The Federal Ministry of Health (FMOH) in Nigeria reports that every year, there are at least 300,000 people with tuberculosis left unidentified. This number constitutes the missing tuberculosis cases in the country that need to be found for the disease burden to be addressed.
As part of efforts to find tuberculosis cases in the community, the Institute of Human Virology Nigeria (IHVN) participated in the first National Tuberculosis Testing Week, which held from August 1st to 7th, 2022. Activities organized to mark the week included community tuberculosis screening, outreach and sensitization activities in 152 local government areas in 20 states under the Institute’s Global Fund Public Private Mix (PPM) Project.
Over 36,000 adults and children were screened for tuberculosis out of which 821 were diagnosed with tuberculosis and linked up for treatment.
IHVN Program Officer, Ms Kelechi Nzeadibe said that the activities were done in partnership with PPM project sub-recipients namely; KNCV Tuberculosis Foundation Nigeria, Catholic Caritas Foundation of Nigeria (CCFN), The Leprosy Mission of Nigeria (TLMN), and Damien Foundation, Belgium (DFB).
“We carried out sensitization in churches, mosques, slums, fishing ports, market places, community town halls, house-to-house, through road shows, open rallies, community announcements amongst other strategies. As a result, adults and children turned out to be screened and give their sputum for a tuberculosis test. Engaging with the private sector such as Patent Medicine Vendors, is another strategy we adopted to take these services to more people” she said.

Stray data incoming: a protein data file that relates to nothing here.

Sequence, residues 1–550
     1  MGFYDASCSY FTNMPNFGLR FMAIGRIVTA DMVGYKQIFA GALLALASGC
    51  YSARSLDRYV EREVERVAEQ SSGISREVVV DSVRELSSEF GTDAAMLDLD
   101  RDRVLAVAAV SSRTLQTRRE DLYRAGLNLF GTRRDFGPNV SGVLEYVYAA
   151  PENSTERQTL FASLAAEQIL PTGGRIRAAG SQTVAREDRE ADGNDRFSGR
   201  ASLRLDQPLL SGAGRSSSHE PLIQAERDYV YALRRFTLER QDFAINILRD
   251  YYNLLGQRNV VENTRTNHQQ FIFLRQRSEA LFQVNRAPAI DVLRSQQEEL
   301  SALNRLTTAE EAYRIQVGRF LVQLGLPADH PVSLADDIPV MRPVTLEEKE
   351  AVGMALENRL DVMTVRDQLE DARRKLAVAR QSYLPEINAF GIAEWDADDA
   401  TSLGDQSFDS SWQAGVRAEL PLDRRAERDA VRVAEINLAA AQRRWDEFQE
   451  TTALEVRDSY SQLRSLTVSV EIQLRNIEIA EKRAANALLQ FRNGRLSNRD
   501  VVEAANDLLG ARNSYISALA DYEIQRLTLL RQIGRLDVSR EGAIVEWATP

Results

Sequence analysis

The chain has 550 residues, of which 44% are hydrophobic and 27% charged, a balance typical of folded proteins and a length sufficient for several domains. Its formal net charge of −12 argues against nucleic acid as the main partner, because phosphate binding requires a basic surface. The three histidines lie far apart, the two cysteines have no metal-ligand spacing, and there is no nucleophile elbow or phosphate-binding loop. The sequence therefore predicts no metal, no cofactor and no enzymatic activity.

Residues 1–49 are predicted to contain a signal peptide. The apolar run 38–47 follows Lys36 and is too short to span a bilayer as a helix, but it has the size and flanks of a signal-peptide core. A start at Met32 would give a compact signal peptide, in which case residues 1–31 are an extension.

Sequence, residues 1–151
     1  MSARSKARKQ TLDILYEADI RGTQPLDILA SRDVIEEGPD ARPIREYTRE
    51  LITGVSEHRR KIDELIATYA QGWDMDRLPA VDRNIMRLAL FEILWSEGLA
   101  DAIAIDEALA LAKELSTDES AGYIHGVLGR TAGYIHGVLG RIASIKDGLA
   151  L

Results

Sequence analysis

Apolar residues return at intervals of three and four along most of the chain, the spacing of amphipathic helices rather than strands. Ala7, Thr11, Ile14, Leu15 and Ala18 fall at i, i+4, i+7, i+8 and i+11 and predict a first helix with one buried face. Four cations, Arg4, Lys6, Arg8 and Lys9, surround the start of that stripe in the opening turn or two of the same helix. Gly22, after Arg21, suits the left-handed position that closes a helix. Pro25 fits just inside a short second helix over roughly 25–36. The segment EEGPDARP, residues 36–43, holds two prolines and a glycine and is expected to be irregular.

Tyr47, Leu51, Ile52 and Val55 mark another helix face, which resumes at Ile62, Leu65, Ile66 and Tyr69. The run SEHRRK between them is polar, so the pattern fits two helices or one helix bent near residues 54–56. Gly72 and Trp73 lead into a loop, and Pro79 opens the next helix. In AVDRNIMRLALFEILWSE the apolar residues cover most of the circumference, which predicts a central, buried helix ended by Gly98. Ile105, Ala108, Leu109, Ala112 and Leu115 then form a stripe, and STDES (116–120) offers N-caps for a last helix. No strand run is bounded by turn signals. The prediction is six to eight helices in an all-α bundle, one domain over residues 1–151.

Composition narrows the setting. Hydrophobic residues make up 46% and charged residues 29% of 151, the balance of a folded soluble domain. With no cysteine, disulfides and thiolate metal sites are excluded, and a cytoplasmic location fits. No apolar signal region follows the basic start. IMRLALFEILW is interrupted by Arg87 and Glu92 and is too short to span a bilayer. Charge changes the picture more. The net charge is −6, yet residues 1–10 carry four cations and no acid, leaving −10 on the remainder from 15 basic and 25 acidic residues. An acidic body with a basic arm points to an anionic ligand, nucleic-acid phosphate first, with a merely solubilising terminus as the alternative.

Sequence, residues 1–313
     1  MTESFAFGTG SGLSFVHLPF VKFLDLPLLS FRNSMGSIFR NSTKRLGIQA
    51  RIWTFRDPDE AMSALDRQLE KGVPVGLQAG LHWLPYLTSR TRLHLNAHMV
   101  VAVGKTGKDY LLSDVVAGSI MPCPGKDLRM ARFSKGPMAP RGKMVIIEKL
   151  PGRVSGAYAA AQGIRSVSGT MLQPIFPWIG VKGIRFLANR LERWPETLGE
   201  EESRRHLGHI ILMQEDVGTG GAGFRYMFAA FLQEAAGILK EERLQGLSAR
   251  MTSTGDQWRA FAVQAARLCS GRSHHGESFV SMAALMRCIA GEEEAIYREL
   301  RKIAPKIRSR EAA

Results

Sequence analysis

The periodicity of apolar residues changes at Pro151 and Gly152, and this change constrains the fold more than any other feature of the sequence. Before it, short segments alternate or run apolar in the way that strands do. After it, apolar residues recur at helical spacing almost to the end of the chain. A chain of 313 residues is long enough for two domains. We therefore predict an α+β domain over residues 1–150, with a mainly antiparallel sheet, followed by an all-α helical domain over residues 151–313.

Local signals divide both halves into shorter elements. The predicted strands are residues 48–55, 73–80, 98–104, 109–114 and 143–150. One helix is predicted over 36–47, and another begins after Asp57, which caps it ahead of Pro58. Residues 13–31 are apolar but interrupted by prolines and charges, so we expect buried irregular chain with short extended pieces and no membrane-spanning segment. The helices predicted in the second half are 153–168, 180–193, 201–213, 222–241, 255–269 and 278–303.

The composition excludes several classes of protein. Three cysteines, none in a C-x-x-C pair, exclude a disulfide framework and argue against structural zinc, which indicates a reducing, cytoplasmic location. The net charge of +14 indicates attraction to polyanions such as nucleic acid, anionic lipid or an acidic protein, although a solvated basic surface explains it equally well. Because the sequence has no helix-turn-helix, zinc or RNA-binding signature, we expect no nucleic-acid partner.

The numbers diagnosed represents individuals and families with tuberculosis, who may not have gone to the nearest Directly Observed Therapy (DOT) centers to be diagnosed.
“We identified some individuals who assumed that their illness was malaria, asthma or even witch-craft related but after samples were collected and tested, the results came out tuberculosis positive and they have started treatment.
For instance, in Imo state, during a community outreach in partnership with Caritas Nigeria, we discovered a family of seven at Nkwere LGA with tuberculosis. They had a 7year old child who attended our outreach/sensitization. After a test, tuberculosis was detected. Through contact tracing, the samples of all the family members were collected and all their results came out positive for tuberculosis,” Ms Nzeadibe said.
Deputy Program Manager Damien Foundation Belgium, Dr Bolaji Ahmed said that despite challenges of low turn-out of community members due to the planting season, rains and poor terrain of some communities, the national testing week activities show that “community sensitization, awareness and stakeholder engagement is important for effective program implementation.”
The Public Private Mix (PPM) project being implemented by IHVN is aimed at engaging private and public health care providers in the fight against tuberculosis using international health care standards. The project is scaling up private-provider engagement for tuberculosis in Edo, Delta, Cross River, Akwa Ibom, Benue, Oyo, Ondo, Osun, Ogun, Kogi, Niger, Sokoto, Plateau, Nasarawa, Kaduna, Anambra, Enugu, Rivers, Imo, Abia and Ebonyi states.